One can get very far away from thinking with the mindset of the common algorithms such as sorting and tree traversal, when working with things such as advanced rendering, new technology and complex APIs. One of these examples is the way Nody traverses the tree, which is something that has haunted me for the entire development of the project. It might seem simple on the surface, and it really is, but the logical solution is often not as simple as the practical. Nody used to traverse the tree with the output node as the starting point, and then just do a breadth-first algorithm to traverse the tree. This worked well until I started working on the hull- and domain-shaders, where one node could have several connections from forks spanning across the node network. The problem would be that a node could be reached way before it should, which in turn put the nodes source code in the shader source code before it was supposed to be there. The image should suffice as an example.
Here you can see the displace-node which is reached from both the normalize-node and the barycentricposition-node. Well, let’s say the tree traverses there from the barycentricposition node first, which effectively puts the displace-node code in the shader before it can do the normalize part. This will cause an error in the final result, which is not acceptable. To address this problem, the tree is traversed by going breadth-first, starting from the vertex node (not the output node), but a node can only be traversed to if and only if all its incoming connections have been handled. This ensures that a node has all dependencies declared before itself, which means the node code will do what it is supposed to. Also, you might wonder why I changed the starting point from the output node to the vertex node, and that is because leaf nodes such as the projectiontransform-node you can see there, has to be traversed as well. You might think “hey, that node has no effect on the end result, it’s unnecessary!”, which would be very much like I thought at first. But what if this node writes to SV_POSITION, but there is no effect node which uses the actual SV_POSITION as an input? How do you generalize a node that has only an input, for a value that ALWAYS has to be written to? Instead, nodes like this will be treated specially, or at least their outputs will if they are writing to a system value. So this node, despite it being a leaf node with no other relation or effect to the final picture, actually still uses its output as if it were connected. Have in mind though that nodes with outputs to system values will be treated as a special case. If one wants to use the SV_POSITION-marked variable, it still works to attach it and use it as normal, and in that case, Nody doesn’t have to treat the output variable in a special way.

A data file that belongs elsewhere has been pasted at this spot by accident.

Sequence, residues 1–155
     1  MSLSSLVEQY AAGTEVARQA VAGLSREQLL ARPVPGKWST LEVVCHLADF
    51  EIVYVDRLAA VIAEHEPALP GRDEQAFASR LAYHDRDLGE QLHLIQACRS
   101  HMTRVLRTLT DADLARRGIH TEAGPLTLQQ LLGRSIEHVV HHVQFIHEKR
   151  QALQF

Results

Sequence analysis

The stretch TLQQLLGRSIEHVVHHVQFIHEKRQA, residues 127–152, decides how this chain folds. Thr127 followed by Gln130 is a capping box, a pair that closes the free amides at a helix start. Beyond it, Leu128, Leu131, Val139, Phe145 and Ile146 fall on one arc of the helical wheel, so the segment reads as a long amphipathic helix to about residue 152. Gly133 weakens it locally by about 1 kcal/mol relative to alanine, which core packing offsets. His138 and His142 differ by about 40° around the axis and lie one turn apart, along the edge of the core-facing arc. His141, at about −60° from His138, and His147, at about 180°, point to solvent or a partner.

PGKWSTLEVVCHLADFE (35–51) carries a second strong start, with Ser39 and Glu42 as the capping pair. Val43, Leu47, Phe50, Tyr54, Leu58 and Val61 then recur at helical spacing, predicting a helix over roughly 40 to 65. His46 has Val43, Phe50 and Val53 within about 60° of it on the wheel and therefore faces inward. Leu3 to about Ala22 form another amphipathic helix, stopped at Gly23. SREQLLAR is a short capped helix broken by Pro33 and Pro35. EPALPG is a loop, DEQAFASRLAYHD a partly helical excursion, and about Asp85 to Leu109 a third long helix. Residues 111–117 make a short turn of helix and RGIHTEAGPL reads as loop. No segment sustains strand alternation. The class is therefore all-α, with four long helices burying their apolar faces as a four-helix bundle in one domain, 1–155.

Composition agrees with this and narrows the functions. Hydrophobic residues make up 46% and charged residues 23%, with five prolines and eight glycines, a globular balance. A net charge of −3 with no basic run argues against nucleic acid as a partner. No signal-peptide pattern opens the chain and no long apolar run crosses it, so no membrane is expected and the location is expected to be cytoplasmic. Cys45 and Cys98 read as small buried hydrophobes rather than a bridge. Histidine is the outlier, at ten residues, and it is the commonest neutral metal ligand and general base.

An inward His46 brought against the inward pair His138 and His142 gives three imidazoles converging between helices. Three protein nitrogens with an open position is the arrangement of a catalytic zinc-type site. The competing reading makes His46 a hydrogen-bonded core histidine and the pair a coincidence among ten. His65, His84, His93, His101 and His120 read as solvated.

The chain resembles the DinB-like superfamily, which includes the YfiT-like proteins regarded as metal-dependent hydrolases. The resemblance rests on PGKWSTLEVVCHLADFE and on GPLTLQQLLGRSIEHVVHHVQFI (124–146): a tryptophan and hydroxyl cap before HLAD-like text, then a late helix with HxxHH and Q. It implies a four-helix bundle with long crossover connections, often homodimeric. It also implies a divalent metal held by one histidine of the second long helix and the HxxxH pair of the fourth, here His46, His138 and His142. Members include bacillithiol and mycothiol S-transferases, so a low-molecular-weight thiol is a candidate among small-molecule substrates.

If you read my last post, you might already know that the hull shader requires the input and output struct to have their variables in the same order. It is OK for the output struct to be a subset of the input struct, but not vice versa. As a result of this, I thought a simple sorting algorithm will come in handy, seeing as the only thing I need to do is to sort the variables based on what they are connected to. Easy enough to implement using a simple insertion sort , because let’s face it, using a faster sorting algorithm here would give us nothing. So that’s working now, which means that we can construct a working shader using hull and domain shaders with Nody. The above image is a piece of the entire node network that makes up a shader that writes normal-depth using a tessellated surface. The following picture shows the network in it’s entirety.